According to biographer Lawrence Sutin, Dick so loved the movie that after he saw it he began scrutinizing Bowie’s catalog for clues from VALIS, which, before it was the book or the movie-within-the-book, was one of Dick’s names for the extraterrestrial or supernatural entity he communicated with. VALIS (an acronym for Vast Active Living Intelligence System) was the aspect of the Great Whatsit that took the form of a satellite and sent information in beams of pink light. (If you don’t know about Dick’s epiphanic episodes, check out R. Crumb’s comic “The Religious Experience of Philip K. Dick,” or, if you’re really interested, try Dick’s Exegesis.) Sutin writes:

Phil loved [The Man Who Fell to Earth], and for a short time he and [Kevin] Jeter listened closely to Bowie albums, hoping to discern a sly pop sign from God/Valis/Zebra. No luck. But a failed experiment can be a useful plot device, and in Valis [Horselover] Fat and Kevin go to see a movie called Valis, which portrays the struggle between the Albemuth characters Nicholas Brady (who is zapped by the pink light force) and evil President Ferris Fremont. Fat gets in touch with rock star Eric Lampton and his wife, Linda, who both star in the film. Fat is convinced that they know about Valis—the Vast Active Living Intelligence System—and can rescue him from spiritual isolation.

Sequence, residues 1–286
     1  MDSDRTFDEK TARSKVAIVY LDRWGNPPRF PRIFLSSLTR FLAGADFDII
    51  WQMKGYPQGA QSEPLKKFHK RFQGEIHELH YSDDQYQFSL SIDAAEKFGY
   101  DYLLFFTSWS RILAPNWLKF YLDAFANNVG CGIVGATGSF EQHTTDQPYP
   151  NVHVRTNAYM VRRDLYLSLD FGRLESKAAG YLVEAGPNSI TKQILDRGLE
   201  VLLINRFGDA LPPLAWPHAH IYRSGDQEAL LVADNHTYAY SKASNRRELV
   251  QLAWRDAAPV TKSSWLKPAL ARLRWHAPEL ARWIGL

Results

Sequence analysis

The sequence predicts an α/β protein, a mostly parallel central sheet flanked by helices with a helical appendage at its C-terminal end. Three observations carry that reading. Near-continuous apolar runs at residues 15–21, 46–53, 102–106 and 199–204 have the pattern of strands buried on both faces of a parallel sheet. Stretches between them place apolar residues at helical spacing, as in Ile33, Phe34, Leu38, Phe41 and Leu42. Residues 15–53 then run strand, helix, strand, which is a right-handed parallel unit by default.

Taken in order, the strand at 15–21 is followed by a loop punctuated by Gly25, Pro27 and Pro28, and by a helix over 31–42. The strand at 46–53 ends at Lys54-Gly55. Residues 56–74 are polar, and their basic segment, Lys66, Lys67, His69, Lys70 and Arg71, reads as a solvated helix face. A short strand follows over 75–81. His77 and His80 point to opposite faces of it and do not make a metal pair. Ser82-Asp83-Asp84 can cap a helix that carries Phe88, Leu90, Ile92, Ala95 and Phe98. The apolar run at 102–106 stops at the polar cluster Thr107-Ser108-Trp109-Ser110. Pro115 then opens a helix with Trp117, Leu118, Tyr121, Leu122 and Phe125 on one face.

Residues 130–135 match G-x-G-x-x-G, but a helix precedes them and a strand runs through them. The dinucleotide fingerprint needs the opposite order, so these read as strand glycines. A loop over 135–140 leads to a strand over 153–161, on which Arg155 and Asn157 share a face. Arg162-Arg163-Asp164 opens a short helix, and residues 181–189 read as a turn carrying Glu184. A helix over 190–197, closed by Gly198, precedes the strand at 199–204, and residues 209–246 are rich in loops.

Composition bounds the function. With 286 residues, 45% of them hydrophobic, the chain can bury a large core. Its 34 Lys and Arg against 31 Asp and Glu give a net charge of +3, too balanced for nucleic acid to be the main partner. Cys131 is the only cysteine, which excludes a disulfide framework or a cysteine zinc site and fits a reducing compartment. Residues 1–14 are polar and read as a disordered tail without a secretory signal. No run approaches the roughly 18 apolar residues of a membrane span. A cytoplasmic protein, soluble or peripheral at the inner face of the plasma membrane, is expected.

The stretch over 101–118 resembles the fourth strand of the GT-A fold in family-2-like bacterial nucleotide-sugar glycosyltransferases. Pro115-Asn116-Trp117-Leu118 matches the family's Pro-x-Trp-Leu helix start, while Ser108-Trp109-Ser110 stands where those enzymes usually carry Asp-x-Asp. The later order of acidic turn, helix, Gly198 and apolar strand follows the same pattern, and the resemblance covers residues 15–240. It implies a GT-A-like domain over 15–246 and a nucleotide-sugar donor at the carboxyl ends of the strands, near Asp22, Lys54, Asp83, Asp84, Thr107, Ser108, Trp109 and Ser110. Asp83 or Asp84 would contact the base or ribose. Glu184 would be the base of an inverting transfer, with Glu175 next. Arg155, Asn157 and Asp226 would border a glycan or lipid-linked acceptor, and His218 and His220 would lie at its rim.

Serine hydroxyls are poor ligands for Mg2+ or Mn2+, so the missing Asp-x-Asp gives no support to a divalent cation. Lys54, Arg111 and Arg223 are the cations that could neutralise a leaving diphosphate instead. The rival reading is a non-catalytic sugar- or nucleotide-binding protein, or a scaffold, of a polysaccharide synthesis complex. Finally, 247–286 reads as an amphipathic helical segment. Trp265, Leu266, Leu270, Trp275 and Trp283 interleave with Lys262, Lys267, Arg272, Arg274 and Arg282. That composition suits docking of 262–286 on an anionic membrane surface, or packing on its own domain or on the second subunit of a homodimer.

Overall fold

In a 1982 interview with Boonstra—Dick’s last—the author says that he wanted Blade Runner (based on his Do Androids Dream of Electric Sheep?) to live up to The Man Who Fell to Earth:

The thing I had in mind all of the time, from the beginning of it, was The Man Who Fell to Earth. This was the paradigm. That’s why I was so disappointed when I read the first Blade Runner screenplay, because it was the absolute antithesis of what was done in The Man Who Fell to Earth. In other words, it was a destruction of the novel. But now, it’s magic time. You read the screenplay and then you go to the novel, and it’s like they’re two halves to one meta-artwork, one meta-artifact. It’s just exciting.